Thursday, February 21, 2013

Turkey! (Not Thanksgiving Though)

      I've always like the flavors of Mediterranean cuisine. The dishes are simple yet packed with an array of spices. So, I've decided to search the net and look for the nearest restaurant that served this exotic cuisine. And just down the street from my church, I found this hole in the wall hidden from the busy Memorial street, The Empire Turkish Grill.

      As we entered the establishment, we were immediately greeted and ushered to our table by the host. We perused the menu and felt lucky that they had a lunch menu available everyday which consisted of a soup or a salad, an entree, and a drink for $10.95.  Wow! I thought it was a great deal!

      We were famished so we decided to order hummus as our appetizer. This dish is made of ground chickpeas and served with a sesame seed paste and olive oil. We immediately dipped the homemade bread called pide into the hummus. It was so good that we devoured the whole plate.

Hummus, a traditional Turkish chickpea dish (Photo by me)

       For my next course, the red lentil soup is just perfect for that rainy and cold winter day. Although a bit grainy, this soup made it up with its wonderful flavor. On the outside, it may look like a disgusting blob of beans but this humble crop is full of proteins, amino acids, and iron.

Red lentil soup, their great appetizer (Photo by me)

       For my entree, I opted for a Turkish dish that is well-known everywhere, the kebab. I chose the ground lamb. This char-grilled ground lamb, although a bit dry, was tasty in every way. This plate included red cabbage, tomatoes, green bell peppers, and onions. The flavors were authentic and everything on my plate was delicious!

A lamb kebab on a bed of rice (Photo by me)

       However, I found their falafel very disappointing. It is a vegetarian dish made of ground chickpeas that are fried in the shape of patties served with tahini sauce.  It was very, very dry.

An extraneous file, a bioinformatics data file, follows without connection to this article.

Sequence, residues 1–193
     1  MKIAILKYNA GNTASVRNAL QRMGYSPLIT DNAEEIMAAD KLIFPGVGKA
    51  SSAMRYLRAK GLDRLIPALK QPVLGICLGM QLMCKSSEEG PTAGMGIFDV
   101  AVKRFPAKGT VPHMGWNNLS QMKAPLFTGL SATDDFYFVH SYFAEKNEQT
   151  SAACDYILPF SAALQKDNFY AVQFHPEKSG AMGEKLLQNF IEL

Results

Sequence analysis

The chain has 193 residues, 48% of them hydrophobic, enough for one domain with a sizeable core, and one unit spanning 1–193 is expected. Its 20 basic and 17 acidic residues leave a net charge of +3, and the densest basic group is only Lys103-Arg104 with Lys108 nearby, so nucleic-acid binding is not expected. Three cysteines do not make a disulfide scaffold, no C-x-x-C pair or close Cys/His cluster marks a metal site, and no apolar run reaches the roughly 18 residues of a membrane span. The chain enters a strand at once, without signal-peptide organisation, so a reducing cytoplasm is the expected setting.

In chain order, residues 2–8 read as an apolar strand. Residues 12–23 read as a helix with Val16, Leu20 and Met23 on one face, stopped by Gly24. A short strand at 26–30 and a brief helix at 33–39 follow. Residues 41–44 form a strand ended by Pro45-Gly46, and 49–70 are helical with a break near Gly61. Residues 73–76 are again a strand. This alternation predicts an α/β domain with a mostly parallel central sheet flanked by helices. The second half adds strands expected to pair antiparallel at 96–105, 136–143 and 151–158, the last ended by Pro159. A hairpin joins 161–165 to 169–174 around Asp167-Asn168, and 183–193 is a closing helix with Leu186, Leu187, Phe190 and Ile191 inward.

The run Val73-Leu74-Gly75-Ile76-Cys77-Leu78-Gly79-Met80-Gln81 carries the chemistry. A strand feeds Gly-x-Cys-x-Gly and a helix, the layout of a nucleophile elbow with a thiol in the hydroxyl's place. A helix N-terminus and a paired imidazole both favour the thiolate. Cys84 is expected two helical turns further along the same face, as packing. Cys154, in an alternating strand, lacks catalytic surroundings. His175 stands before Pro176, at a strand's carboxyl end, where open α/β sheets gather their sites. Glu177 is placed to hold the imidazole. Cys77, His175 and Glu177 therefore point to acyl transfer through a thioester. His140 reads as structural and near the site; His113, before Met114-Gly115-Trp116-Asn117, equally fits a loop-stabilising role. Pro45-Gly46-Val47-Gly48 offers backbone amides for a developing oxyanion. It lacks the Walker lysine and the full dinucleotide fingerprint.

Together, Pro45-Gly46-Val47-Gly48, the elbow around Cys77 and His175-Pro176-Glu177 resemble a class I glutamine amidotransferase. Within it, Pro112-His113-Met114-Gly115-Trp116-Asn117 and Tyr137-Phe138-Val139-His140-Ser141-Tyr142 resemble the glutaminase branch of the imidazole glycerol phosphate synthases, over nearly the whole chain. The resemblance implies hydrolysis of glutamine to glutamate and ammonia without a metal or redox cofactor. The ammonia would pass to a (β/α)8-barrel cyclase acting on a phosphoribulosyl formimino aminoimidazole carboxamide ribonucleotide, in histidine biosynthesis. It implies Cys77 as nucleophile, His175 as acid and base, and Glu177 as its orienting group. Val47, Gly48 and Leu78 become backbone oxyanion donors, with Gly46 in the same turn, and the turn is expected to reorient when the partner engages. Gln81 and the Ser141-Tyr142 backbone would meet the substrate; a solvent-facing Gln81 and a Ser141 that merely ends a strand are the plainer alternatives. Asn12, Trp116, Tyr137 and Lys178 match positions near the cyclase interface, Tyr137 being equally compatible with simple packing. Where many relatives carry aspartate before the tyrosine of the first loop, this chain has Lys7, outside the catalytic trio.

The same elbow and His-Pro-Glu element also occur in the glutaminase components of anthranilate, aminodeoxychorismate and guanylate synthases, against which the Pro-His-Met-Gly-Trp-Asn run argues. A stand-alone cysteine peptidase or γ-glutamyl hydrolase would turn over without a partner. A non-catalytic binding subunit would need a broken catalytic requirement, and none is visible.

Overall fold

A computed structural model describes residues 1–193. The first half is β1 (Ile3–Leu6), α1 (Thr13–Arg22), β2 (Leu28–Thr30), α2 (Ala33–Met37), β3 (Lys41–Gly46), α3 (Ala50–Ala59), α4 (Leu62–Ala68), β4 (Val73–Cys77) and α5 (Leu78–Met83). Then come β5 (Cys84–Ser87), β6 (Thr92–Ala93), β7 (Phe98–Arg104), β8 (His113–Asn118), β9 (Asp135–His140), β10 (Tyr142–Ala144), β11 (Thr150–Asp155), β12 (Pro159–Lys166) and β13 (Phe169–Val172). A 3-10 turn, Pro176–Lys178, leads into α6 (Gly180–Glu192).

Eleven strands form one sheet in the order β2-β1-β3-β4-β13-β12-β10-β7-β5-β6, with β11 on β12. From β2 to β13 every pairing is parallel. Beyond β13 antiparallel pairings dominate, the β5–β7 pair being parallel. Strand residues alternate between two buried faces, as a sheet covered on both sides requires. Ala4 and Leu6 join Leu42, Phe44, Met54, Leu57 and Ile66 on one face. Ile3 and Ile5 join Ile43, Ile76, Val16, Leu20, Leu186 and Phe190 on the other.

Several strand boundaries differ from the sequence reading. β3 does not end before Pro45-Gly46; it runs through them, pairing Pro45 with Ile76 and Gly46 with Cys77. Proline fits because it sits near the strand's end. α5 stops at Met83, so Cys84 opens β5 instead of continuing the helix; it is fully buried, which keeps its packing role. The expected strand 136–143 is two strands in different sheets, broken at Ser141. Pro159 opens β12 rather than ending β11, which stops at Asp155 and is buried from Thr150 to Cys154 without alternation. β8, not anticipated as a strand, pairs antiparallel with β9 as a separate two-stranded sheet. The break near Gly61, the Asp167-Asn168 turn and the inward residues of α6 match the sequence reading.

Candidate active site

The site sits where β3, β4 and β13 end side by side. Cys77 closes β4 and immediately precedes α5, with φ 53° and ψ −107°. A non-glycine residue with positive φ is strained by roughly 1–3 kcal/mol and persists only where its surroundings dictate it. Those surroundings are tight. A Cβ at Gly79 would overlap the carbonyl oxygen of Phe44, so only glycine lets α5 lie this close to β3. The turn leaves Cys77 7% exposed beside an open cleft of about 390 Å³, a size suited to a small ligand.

Fried chickpea patties served with tahini sauce (Photo by me)

       Overall, I enjoyed the experience and the cuisine and I will definitely go back to try some of their dished like the cabbage roll and the DESSERT! 

To learn more about Turkish cuisine and their menu...

Thursday, February 7, 2013

Muy Delicioso!

     Living close to the border of Mexico, it is only natural that we become familiar with some of their culture such as Cinco de Mayo, fiestas, and the Spanish language. But the one thing that is probably close to everyone’s heart is their cuisine, which is evident by the hundreds of Mexican restaurants around us.  Who can resist a mouth watering taco and spicy chile relleno?  How about the cheesy quesadilla and the exotic menudo? For me, I always look forward to the end of my Mexican meal because of this sweet, melt in your mouth dessert, a custard with caramel on top, the flan!

2 1/2 cups of sugar
4 large eggs
8 egg yolks
1 1/4 cups of heavy cream
1 1/4 cups of milk

1. Preheat the oven to 350˚F.
2. Place 1 1/2 cups of the sugar in a small saucepan.
3. Drizzle 1/4 cups of water over the sugar.
4. Place the pan over medium-high heat and cook until the sugar has melted into an amber-colored syrup.
5. Pour the caramel into the bottom of six 8-ounce ramekins.
6. Lightly beat the eggs and egg yolks in a large bowl.
7. Heat the heavy cream, milk, and 3/4 cups of sugar in a medium saucepan.
8. Stir the mixture until the sugar dissolves.
9. Pour the milk mixture into the beaten eggs.
10. Pour the custard into the caramel-coated ramekins.
11. Place the ramekins in a large baking pan.
12. Add hot water to the baking pan until it reaches halfway up the sides of the ramekins.
13. Bake the flans for about 1 hour and 20 minutes.
14. Chill overnight.
15. Flip the ramekins over onto a plate and you have your flan!

For more about Spanish desserts and cooking...